* State government figures show a growing outside interest in Texas schools. More than 57 percent of the growth in college enrollment occurring here since 1976 comes from out-of-state and foreign students.

* Growth in technical studies at Texas colleges is indicated by the state approval of 75 engineering-degree programs since 1975.

* Texas attracts more students than any other state in several technical degree programs. Texas A & M alone boasts the largest enrollments nationwide in its agriculture, architecture, environmental design, and veterinary medicine programs. Its engineering school, with 11,500 students, is also the largest in the country, accounting for a third of the university's enrollment.

* While quantity is not necessarily quality, Texas A & M administrators note that the school ranks in the top 12 universities in the number of national merit scholars it attracts.

While the influx of growth and wealth has moved academic mountains, the recognition of a need for the industrial tie is fairly new. This does not make any less intense the business community's interest in tapping Texas academic resources, as indicated by the recent Texas 2000 Commission report.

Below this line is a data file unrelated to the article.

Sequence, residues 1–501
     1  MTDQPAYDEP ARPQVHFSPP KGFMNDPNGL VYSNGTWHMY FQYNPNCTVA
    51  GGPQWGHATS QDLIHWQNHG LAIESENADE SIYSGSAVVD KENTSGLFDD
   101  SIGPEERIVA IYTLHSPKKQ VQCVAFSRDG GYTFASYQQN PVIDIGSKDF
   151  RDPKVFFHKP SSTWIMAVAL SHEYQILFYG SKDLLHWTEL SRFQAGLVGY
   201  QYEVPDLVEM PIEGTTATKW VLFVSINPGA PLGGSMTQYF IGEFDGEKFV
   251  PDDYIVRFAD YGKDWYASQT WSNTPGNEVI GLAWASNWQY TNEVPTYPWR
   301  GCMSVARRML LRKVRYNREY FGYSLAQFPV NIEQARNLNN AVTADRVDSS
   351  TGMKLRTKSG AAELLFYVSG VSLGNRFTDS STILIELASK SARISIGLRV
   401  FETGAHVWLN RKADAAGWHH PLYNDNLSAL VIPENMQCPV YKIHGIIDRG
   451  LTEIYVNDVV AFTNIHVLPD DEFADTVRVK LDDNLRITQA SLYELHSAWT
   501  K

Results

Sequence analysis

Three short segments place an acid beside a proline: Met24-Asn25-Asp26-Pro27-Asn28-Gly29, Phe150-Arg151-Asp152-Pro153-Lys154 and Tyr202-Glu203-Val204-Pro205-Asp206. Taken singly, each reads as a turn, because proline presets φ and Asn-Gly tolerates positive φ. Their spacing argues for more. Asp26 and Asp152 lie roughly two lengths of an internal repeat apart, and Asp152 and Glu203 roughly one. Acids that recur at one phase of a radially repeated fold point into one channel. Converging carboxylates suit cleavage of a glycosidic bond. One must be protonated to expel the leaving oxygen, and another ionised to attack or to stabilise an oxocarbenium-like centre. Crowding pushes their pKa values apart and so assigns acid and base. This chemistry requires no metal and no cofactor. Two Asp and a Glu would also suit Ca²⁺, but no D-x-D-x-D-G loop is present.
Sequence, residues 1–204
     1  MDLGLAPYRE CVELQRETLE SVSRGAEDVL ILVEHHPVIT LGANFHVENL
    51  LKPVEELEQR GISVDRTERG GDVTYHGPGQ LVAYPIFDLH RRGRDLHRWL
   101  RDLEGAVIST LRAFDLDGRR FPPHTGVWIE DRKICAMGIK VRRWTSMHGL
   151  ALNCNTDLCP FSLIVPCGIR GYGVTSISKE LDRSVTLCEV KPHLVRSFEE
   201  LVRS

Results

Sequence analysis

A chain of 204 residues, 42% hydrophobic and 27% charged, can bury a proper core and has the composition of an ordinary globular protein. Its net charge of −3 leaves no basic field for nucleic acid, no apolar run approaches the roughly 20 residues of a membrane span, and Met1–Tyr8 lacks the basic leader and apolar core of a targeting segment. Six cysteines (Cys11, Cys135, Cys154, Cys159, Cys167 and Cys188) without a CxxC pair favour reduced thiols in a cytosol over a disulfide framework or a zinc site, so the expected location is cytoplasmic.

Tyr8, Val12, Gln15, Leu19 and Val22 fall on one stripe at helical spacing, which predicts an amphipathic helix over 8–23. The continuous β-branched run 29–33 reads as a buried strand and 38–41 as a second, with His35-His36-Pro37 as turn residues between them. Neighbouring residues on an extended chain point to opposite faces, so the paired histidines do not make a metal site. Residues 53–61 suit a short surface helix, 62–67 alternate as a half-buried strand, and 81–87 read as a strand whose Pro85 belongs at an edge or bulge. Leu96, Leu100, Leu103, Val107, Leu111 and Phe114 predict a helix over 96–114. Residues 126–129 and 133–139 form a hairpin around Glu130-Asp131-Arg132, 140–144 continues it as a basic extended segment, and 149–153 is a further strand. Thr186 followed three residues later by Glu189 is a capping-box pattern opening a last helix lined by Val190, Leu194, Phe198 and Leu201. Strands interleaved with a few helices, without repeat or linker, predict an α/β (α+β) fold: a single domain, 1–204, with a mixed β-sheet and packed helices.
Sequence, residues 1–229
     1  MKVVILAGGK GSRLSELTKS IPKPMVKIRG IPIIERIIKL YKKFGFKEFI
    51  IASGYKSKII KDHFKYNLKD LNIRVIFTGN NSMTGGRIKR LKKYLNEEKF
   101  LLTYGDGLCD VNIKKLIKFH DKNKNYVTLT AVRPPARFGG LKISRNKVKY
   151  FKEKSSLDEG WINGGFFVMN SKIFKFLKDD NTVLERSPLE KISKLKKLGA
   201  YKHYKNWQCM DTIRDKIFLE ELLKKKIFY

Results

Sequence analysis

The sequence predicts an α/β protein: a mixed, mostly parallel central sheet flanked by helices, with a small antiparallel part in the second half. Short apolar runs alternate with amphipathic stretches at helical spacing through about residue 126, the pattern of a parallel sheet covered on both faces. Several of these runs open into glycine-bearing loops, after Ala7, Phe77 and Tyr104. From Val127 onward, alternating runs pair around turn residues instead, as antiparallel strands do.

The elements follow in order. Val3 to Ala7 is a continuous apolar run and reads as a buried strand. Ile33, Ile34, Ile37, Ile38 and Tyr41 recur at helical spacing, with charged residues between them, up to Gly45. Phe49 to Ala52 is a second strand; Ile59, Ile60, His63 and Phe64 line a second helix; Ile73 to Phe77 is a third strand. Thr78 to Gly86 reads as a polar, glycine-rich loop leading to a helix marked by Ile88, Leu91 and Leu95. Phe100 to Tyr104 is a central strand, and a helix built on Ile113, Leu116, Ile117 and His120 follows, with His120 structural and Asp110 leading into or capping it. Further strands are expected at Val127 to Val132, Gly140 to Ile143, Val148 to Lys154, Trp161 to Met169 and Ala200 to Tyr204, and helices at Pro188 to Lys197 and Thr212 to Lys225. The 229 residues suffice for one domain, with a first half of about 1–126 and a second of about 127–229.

The commission identified research and development activity as the key to the future of the Texas economy. But at the same time, it noted, the state's lack of tradition in this area shows up strikingly in research-expenditure figures: The average US per capita expenditure for R&D is $216; in Texas the figure is $126 per capita.

''If Texas is to maintain a competitive position in the nation and sustain its own economy,'' the commission's report concluded, ''it must expand R&D efforts and focus them on areas most important to the state. Development of strong R&D partnerships among Texas government, universities, foundations, and the private sector will foster this expansion. . . .''

The report goes on to identify universities as the focal point for building a successful R&D base. And research park proposals have cropped up on drawing boards across the state as developers, local government officials, educators, and businessmen begin to recognize the mutual benefits of research and development. (For example: At the research stage, a university likes to get the funding offered by industry for research. In turn, industry can use the talents and know-how based at the schools. At the development level, industry expands local economies.)

''It's hard to keep faculty from leaving for (higher-paying) jobs in industry , and with industry here, we can retain faculty,'' explains Frank Vandiver, president of Texas A & M, where annual R&D expenditures have tripled, to $90 million in the last 10 years, placing the Texas school among the nation's top 20 universities in R&D funding. The university is working with local officials to develop the park, and the first stage of planning already has the city trying to upgrade local airport facilities and services to accomodate the large influx of population expected to accompany the planned industrial park.